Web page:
According to Kamalakkannan et al., (2005) carbon tetrachloride metabolized intotrichloromethyl, (CCl3*) free radical in the presence cytochrome P450 oxygenase system of the endoplasmic reticulum. These free radical reacts with amino acids, nucleotides and fatty acids, as well as proteins, nucleic acids and lipids. In the presence of oxygen, the CCl3* radical is converted to the trichloromethyl peroxy radical (CCl3OO*). This radical is more reactive and is capable of abstracting hydrogen from polyunsaturated fatty acids (PUFA) to initiate the process of lipid per oxidation (Weber et al., 2003).

Telomeres are repetitive (TTAGGG) non-coding DNA regions at the ends of chromosomes, which are progressively shortened because of incomplete replication of the 3-ÙŽends. In vertebrates, telomerase is the main mechanism presently known that can stabilize the loss of telomeres. High telomerase activity is observed in malignant tumors, neoplasias and hyperplasias, whereas low or no telomerase activity is observed in normal somatic cells. These findings suggest that telomerase activation is a crucial step in cell immortalization and oncogenesis (Segawa et al., 2003). Administration of 3ml/kg b.w. CCl4 for 16 weeks activates telomerase enzyme, where as it was found absent in control non treated group, justify telomerase enzyme activity (Khan et al., 2009)

2.8 Effect of Carbon tetra chloride at Biochemical level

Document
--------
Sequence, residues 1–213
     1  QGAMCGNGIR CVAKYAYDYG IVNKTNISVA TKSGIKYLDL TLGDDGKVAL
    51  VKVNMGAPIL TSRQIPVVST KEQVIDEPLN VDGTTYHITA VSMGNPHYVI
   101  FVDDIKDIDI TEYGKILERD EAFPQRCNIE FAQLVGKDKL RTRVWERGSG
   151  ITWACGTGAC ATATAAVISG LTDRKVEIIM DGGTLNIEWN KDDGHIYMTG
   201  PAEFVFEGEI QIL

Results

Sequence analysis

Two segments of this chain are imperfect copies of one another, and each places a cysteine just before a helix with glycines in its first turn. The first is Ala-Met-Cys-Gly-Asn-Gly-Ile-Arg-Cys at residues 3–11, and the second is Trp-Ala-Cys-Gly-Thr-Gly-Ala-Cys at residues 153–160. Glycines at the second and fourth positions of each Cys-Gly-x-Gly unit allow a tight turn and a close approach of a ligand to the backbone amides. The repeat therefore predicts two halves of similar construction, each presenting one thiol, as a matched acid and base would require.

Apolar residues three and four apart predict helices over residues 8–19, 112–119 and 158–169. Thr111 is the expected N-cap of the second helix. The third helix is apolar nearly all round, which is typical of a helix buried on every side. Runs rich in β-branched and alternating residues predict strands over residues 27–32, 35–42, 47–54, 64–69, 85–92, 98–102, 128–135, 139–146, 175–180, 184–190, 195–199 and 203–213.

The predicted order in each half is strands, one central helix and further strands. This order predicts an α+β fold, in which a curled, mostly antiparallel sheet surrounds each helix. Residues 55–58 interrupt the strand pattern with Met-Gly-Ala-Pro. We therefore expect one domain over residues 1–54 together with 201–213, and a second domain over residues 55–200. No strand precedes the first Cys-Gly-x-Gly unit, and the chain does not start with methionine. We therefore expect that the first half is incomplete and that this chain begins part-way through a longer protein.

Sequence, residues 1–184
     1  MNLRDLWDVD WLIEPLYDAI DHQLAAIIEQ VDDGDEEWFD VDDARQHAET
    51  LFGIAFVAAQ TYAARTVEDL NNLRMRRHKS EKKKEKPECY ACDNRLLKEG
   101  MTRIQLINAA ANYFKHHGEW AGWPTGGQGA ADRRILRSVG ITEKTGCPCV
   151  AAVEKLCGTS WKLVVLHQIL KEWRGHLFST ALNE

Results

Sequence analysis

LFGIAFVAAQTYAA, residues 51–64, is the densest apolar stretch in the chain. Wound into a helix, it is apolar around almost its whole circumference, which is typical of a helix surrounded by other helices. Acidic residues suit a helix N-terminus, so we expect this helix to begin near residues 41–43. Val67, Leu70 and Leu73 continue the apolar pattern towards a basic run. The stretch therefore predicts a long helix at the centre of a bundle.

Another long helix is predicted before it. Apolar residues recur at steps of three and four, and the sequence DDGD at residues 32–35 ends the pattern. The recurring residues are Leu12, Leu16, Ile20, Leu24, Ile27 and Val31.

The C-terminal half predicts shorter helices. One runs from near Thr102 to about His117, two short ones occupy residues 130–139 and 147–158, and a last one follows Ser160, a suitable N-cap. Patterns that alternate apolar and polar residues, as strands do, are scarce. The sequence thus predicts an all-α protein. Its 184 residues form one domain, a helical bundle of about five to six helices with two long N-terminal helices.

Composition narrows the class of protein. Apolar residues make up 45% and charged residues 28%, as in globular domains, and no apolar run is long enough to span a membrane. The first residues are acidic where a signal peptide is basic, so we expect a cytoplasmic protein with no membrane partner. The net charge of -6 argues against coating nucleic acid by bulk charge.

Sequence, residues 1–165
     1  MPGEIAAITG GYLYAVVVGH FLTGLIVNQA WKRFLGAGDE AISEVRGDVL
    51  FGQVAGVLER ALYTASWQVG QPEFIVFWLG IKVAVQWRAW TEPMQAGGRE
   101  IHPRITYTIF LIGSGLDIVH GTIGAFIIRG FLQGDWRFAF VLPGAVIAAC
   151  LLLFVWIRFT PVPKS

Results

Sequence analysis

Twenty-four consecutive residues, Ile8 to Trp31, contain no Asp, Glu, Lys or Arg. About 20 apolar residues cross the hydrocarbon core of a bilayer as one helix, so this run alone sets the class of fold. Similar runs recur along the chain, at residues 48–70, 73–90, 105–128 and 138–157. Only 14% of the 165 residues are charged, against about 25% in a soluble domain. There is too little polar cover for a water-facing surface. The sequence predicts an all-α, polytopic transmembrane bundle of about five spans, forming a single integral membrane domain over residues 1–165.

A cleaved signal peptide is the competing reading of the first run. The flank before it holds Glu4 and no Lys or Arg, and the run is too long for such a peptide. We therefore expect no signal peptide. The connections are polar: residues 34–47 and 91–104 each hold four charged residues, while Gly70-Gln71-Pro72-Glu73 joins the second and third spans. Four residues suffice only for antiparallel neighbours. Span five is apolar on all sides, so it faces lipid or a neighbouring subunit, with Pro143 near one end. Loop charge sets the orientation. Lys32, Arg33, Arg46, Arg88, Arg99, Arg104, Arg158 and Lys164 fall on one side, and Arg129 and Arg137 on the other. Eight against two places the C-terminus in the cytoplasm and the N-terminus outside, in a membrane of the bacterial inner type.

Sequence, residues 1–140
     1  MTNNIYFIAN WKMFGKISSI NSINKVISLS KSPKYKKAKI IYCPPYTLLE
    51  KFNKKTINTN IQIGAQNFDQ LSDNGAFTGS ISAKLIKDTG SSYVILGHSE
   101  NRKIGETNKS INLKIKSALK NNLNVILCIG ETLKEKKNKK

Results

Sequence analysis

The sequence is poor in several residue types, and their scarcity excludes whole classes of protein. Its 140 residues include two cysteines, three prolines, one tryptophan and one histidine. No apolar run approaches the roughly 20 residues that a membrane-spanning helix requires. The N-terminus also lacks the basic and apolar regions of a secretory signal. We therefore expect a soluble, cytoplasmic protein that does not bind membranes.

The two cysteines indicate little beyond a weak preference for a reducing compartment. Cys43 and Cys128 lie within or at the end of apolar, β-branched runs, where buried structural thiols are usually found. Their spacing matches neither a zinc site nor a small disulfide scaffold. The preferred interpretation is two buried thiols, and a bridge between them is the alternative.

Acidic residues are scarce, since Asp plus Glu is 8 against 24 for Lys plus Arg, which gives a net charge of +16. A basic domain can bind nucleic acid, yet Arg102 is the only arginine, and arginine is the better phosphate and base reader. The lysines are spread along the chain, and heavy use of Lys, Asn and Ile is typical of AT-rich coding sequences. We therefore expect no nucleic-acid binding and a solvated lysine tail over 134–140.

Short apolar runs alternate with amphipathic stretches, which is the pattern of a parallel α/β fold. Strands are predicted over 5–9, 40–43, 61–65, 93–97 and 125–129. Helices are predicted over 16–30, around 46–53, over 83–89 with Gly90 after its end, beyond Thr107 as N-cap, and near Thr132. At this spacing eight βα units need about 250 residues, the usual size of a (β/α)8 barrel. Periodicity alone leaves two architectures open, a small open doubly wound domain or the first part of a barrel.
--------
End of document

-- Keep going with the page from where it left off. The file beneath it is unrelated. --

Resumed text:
CCl4 causes variation in biochemical level. It also effect the level of marker enzymes in serum as well as the level of antioxidant enzymes and antioxidant compounds like Vitamin C, E and other compounds which were recently investigated. The membrane marker enzymes are amino transaminase (AST), Alanine transaminase (ALT), alkaline phasphatase (ALP), gamma glutamyl transaminase (γ-GT), increases bilirubin, total serum protein, globulin and creatnine while decreases albumin and creatnine clearance showing abnormality of liver and kidney. When liver cell plasma is damaged a variety of enzymes located normally in cytosol is released into the blood, thereby causing increased enzyme level in the serum. The estimation of enzymes in the serum is a useful quantitative marker of the extent and types of hepatocellular damage (Jadon et al., 2007). (Sreelatha et al., 2009) reported that administration of 1 ml/kg b.w. CCl4 in rats significantly elevated the serum marker enzyme level including alkaline phasphatase (ALP), alkaline transaminase (ALT), amino transaminase (AST), acid phasphatase (ACP), serum total protein and hyperbilirubinaemia indicating sever necrosis of liver. Secretion of antioxidant enzymes like superoxide dismutase, catalase, Glutathione peroxidase, and TBARs indicating increase in lipid peroxidation. According to Kamalakkannan et al. (2005) the excessive liver damage and oxidative stress caused by CCl4 depleted the levels of GSH, vitamin C and vitamin E. Oxidative stress induced by CCl4 results in the increased utilization of GSH and subsequently the levels of GSH is decreased in plasma and tissues. Utilization of vitamin E is increased when oxidative stress is induced by CCl4 and this shows the protective role of vitamin E in mitigating the elevated oxidative stress. Vitamin C scavenges and destroys free radicals in combination with vitamin E and glutathione. It also functions cooperatively with vitamin E by regenerating tocopherol from the tocopheroxyl radical. A decrease in the levels of vitamin C may indicate increased oxidative stress and free radical formation in CCl4-induced liver injury. A major defense mechanism involves the antioxidant enzymes including super oxide dismutase (SOD), Catalase (CAT) and GPx which convert active oxygen molecules into non-toxic compounds. CCl4-administration decreased the activities of these antioxidant enzymes and GSH concentration in the tissues.